A station in Omaha is refusing to sell gas from the Middle East
BY SUZANNE TAYLOR • Atasmallself-serve gas station in the west end of Omaha, Neb., a group called the Terror-Free Oil Initiative is fighting a global war—by refusing to sell gasoline that comes from the Middle East. “Our main goal is to send the message to the gas companies, to the government of the U.S.,” says spokesman Joe Kaufman. “And to say to the citizens of America that they can do their small part in the war on terrorism by supporting those companies that don’t purchase crude oil from the Middle East.”
Claiming that money from oil is helping fund terrorism around the world, the initiative purchased the station from Sinclair Oil, and continues to buy its gas from that company, which obtains most of its oil from Canada and the U.S. The long-term goal is to end U.S. dependence on foreign oil altogether. “We would like to see alternative fuels and renewable energy,” says Kaufman. “This type of thing can unify the left and the right.”
But some observers worry that the gas station, which also hands out information on terrorism, will only fuel anti-Muslim sentiment. As well, because oil companies always buy and sell among themselves, it’s nearly impossible to track a given barrel’s origin. “I wouldn’t bet on this one,” says Michael Pearce, a professor at the Richard Ivey School of Business at the University of Western Ontario, who notes that when it comes to our consumer behaviour, it’s hard to jolt people out of their routines. The Terror-Free station is competing with several nearby stations—just having to drive a little further, Pearce says, may prove too much of an inconvenience.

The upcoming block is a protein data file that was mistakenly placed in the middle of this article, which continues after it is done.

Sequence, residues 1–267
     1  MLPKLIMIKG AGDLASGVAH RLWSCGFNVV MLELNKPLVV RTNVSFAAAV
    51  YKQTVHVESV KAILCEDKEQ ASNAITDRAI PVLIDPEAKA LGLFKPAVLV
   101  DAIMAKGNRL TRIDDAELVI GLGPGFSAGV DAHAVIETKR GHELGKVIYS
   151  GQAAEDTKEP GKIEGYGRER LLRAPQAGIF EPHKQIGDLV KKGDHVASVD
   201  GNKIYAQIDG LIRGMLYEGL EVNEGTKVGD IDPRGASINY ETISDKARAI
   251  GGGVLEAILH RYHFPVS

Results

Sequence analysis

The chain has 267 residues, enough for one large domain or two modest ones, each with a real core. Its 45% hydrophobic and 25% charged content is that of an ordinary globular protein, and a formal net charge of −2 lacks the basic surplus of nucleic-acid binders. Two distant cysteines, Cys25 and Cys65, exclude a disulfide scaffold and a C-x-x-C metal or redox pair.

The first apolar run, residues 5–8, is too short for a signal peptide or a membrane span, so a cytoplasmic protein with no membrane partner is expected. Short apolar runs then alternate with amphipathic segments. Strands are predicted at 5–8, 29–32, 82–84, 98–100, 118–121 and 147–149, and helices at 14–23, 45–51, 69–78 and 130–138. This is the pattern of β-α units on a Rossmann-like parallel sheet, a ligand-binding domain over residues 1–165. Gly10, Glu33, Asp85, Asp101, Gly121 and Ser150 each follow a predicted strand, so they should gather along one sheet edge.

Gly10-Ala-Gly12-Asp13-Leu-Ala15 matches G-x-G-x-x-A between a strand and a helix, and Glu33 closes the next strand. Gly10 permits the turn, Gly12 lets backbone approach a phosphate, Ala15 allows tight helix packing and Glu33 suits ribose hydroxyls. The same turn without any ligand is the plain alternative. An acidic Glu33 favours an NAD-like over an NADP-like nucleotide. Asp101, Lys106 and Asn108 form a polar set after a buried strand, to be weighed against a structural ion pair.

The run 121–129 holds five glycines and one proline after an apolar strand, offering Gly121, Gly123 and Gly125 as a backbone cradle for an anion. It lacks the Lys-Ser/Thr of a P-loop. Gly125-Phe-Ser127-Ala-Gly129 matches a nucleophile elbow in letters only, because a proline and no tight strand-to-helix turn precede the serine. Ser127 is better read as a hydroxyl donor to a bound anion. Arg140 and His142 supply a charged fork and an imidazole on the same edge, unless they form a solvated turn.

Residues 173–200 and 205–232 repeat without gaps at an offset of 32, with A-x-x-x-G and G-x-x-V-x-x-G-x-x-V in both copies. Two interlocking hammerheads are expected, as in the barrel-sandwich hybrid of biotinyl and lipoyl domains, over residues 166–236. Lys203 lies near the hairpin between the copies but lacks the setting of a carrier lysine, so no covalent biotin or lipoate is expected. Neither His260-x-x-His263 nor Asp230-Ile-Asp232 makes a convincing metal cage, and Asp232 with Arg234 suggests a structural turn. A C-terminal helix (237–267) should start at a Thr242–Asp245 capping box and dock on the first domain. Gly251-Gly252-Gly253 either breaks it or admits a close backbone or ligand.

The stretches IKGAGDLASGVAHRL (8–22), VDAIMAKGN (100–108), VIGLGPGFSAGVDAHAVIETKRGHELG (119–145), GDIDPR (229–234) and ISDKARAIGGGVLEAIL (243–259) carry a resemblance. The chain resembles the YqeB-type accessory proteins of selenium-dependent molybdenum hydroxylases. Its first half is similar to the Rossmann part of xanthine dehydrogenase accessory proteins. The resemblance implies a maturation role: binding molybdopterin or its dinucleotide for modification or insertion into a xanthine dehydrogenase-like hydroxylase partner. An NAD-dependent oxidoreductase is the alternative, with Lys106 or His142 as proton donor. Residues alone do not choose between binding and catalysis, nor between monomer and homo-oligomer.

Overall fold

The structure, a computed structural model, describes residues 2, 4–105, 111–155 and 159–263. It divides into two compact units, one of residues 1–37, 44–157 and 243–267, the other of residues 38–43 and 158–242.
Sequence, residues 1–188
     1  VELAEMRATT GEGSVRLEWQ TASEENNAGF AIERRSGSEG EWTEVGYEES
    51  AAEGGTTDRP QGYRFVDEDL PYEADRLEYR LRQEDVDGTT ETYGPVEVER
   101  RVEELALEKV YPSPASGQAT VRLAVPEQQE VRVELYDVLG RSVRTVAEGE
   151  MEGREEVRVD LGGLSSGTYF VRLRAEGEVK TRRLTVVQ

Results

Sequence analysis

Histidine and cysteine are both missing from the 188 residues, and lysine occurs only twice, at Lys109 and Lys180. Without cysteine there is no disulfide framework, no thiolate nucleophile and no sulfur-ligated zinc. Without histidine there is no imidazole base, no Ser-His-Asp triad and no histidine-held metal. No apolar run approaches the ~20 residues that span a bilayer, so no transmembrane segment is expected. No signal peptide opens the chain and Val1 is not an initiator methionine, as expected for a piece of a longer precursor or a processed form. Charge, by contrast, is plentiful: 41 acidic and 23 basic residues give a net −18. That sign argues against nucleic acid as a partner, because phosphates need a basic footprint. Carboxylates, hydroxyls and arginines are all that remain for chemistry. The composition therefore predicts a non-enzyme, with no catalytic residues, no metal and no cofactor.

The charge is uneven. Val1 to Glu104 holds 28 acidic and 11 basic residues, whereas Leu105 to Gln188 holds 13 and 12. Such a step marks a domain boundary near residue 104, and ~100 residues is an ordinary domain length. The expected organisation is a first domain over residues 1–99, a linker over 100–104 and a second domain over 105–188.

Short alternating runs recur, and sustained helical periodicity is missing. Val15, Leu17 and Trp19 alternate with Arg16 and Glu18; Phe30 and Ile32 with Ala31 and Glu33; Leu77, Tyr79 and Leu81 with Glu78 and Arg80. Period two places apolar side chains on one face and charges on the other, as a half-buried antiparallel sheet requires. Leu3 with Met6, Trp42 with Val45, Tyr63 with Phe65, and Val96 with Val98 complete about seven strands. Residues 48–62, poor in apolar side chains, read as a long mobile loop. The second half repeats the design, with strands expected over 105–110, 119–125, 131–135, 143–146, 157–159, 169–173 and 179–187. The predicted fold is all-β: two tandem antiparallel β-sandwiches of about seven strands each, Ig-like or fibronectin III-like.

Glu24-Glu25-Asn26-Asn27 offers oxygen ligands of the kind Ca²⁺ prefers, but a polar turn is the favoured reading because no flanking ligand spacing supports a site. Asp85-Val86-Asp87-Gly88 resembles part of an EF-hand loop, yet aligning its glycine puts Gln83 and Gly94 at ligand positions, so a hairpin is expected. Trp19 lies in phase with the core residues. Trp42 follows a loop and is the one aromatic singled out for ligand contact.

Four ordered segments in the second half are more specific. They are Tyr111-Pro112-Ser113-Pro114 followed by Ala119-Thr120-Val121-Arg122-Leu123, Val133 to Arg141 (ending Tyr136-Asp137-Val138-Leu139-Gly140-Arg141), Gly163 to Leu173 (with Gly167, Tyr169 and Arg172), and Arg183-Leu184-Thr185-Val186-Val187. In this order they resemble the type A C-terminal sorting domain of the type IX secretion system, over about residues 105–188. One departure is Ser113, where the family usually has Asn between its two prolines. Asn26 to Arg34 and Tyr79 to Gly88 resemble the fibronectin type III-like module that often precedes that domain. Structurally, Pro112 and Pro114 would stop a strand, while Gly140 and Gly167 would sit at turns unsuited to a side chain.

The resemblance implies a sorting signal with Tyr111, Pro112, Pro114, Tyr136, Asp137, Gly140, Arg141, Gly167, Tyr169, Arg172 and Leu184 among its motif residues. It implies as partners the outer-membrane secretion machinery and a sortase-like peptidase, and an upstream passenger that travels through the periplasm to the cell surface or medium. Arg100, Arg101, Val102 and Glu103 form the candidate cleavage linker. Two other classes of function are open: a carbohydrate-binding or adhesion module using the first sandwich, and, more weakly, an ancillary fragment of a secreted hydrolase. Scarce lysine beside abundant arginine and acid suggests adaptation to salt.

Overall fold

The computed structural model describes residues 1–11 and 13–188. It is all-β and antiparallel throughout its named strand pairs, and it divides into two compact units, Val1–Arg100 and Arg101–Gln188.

Still, the initiative is talking about expanding into a national chain. Kaufman says that business has picked up since the station’s opening on Feb. 1. “We had a lot of people that told us that they came from miles to fill up,” he says. “This can bring America together.” M
The story you want is part of the Maclean’s Archives. To access it, log in here or sign up for your free 30-day trial.
Experience anything and everything Maclean's has ever published — over 3,500 issues and 150,000 articles, images and advertisements — since 1905. Browse on your own, or explore our curated collections and timely recommendations.WATCH THIS VIDEO for highlights of everything the Maclean's Archives has to offer.